Atrial fibrillation (A-fib) is a type of arrhythmia (abnormal heartbeat) that affects almost five million Americans. It often originates in the left atrium (the upper left chamber of the heart). When atrial fibrillation occurs, the upper heart chambers beat in an unorganized rhythm. An A-fib heart rate is usually rapid, resulting in 100-200 beats per minute rather than the normal range of 60-100 beats per minute. If left untreated, A-fib can lead to chronic fatigue, congestive heart failure or stroke.
The types of A-fib include:
The risk factors for A-fib can vary from family history to other medical conditions to lifestyle choices. Managing controllable risk factors can reduce the chance of developing A-fib.
Key risk factors of A-fib include:
The sinus node acts as the heart's rhythm keeper, sending a signal through the two upper chambers and two lower chambers to keep the heartbeat on track. When this signal becomes chaotic, as occurs with A-fib, the chambers struggle to work together and result in a fast, irregular heart rhythm.
Typically, some sort of structural issue within the heart causes A-fib. Potential causes of atrial fibrillation include:
Common A-fib symptoms include:
Commonly, patients report an increase of A-fib symptoms at night. The symptoms of A-fib can serve as a warning sign for a patient to seek medical attention.
When diagnosing A-fib, a cardiologist will first conduct a medical history and physical examination. Listening to the heart with a stethoscope is often enough to detect an irregular heartbeat, but the cardiologist will likely order tests or procedures to rule out other possible conditions, such as:
The goal of treatment for A-fib is to reset or control the heart rhythm while preventing blood clots that can lead to stroke. The Brigham and Women’s Cardiac Arrhythmia Service offers state-of-the-art atrial fibrillation treatment and comprehensive cardiovascular care in a world-class medical facility. It is important to treat atrial fibrillation promptly because the condition can worsen over time as the heart muscles weaken, making it even more difficult for the atria to function properly.
Treatment may involve several options, including medication, ablation, therapy and surgery. Specialists from the Cardiac Arrhythmia Service develop individualized treatment plans for patients based on:
If you are having surgery or a procedure, you will likely be scheduled for a visit to the Watkins Clinic for pre-operative information and tests. The day of surgery, your care will be provided by surgeons, anesthesiologists and nurses who specialize in surgery for patients with atrial fibrillation. After surgery, you will go to the post-surgical care unit, where you will receive comprehensive care from an experienced surgical and nursing staff.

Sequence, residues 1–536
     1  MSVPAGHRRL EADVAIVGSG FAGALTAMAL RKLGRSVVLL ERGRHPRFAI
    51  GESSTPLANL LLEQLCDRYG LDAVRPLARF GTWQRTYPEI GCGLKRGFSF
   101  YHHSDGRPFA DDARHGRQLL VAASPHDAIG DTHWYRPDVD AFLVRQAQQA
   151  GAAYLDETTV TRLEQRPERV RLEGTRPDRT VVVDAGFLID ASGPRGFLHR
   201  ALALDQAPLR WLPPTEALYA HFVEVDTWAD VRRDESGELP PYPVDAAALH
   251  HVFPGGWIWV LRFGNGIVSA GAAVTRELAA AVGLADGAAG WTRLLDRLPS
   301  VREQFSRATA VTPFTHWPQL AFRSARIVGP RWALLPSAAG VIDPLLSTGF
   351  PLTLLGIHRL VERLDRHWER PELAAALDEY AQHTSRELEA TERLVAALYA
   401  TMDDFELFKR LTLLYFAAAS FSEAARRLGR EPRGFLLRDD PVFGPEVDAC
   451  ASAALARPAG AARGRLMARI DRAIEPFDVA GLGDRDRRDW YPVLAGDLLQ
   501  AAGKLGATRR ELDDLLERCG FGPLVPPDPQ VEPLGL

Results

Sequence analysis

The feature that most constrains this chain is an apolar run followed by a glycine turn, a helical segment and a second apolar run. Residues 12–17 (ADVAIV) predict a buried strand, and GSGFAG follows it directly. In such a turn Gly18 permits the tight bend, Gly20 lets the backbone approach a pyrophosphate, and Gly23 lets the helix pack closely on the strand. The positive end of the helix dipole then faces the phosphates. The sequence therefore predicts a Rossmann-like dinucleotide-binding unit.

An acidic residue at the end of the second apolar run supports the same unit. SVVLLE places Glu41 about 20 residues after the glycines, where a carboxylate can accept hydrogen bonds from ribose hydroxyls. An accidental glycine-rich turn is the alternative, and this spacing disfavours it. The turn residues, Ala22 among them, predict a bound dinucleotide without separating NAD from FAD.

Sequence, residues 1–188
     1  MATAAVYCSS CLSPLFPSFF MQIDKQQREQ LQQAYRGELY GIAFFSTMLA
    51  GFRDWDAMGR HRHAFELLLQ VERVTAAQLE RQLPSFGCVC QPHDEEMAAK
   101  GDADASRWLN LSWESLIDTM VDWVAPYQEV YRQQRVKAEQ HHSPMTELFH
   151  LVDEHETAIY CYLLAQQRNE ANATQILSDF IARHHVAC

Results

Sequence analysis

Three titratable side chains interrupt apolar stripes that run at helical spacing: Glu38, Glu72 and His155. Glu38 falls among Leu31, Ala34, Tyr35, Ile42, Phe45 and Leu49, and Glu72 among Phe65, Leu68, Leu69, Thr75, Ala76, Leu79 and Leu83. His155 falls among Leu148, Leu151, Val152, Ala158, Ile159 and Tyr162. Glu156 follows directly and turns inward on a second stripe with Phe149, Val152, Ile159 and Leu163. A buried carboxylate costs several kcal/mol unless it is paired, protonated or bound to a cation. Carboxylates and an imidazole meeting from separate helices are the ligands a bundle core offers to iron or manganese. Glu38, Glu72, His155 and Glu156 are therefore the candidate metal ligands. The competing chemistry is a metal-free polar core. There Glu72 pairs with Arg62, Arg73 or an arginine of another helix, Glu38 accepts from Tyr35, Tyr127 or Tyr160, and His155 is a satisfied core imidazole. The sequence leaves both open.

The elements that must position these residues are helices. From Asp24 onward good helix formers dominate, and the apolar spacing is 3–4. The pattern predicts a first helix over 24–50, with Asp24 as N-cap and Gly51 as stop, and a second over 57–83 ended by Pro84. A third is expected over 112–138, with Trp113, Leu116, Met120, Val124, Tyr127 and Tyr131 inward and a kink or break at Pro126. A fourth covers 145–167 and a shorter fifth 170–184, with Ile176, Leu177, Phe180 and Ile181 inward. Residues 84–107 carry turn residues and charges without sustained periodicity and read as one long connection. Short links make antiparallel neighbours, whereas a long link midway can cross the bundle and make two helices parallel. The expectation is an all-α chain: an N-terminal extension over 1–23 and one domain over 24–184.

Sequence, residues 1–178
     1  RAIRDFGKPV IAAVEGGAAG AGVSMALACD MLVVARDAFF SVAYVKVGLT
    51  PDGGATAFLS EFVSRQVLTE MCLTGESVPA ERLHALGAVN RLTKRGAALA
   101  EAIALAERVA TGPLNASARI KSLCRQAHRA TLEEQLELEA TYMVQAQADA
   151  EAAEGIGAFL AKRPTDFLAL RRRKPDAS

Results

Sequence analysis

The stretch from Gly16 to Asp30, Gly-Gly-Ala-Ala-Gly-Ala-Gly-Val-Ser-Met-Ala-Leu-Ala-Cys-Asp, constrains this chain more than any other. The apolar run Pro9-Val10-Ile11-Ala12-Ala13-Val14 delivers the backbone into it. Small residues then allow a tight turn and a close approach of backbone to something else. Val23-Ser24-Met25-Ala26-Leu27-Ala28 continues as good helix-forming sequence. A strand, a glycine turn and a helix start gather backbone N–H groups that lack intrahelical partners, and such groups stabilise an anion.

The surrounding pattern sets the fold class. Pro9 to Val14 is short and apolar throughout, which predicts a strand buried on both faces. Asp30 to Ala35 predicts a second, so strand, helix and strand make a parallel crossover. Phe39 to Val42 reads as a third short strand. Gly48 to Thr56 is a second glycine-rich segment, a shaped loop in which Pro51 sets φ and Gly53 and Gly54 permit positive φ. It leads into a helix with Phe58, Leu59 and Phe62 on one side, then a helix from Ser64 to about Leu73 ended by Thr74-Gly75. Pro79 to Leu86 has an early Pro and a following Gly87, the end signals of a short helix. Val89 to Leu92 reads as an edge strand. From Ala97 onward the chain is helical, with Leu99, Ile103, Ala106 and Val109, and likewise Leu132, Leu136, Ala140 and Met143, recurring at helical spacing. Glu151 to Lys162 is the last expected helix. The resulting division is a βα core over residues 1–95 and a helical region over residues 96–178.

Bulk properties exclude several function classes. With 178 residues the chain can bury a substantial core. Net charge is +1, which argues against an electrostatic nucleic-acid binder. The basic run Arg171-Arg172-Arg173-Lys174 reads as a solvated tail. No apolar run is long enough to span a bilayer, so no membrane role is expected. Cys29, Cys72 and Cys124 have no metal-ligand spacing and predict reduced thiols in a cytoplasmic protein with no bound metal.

During your surgery, family and friends can wait in the Shapiro Family Center. Staff members will provide surgery updates, and caregivers who leave the hospital will be contacted by cell phone.
While A-fib typically is not life-threatening, it can increase the risk of stroke if left untreated.
An irregular heart rhythm brought on by A-fib can increase the risk of blood clots, which furthers the chance of stroke, heart failure or other heart conditions.
A-fib is a heart condition, the most common form of heart arrhythmia. If left untreated, A-fib can lead to additional heart problems.
A-fib affects more than five million adults in the United States every year. A-fib is most common in older people, affecting one in 10 people over the age of 80.
The normal heart rate for someone without A-fib typically runs from 60-100 beats per minute, while a patient with A-fib may see a heart rate jump to 100-200 beats per minute.
An irregular heart rhythm from A-fib is erratic, whereas heart palpitations increase the heart rate in a fixed rhythm that eventually returns to normal.
At Brigham and Women’s Hospital, our atrial fibrillation specialists provide expert evaluation and diagnosis with the aid of the latest in advanced imaging technologies. Treatment is provided by some of the world’s most experienced physicians in cardiac electrophysiology (the study of the heart’s electrical system). Together, they perform more than 3,000 procedures annually, utilizing the latest medications, devices and innovative care approaches. We offer patients personalized care and expertise that includes ongoing communication and education throughout treatment, outpatient care and follow-up.
Patients receive care from cardiologists, interventional cardiologists, cardiac surgeons, cardiovascular imaging experts and radiologists, and anesthesiologists. They work alongside nurses, physician assistants, physical therapists, dietitians and social workers to achieve outstanding outcomes for our patients.
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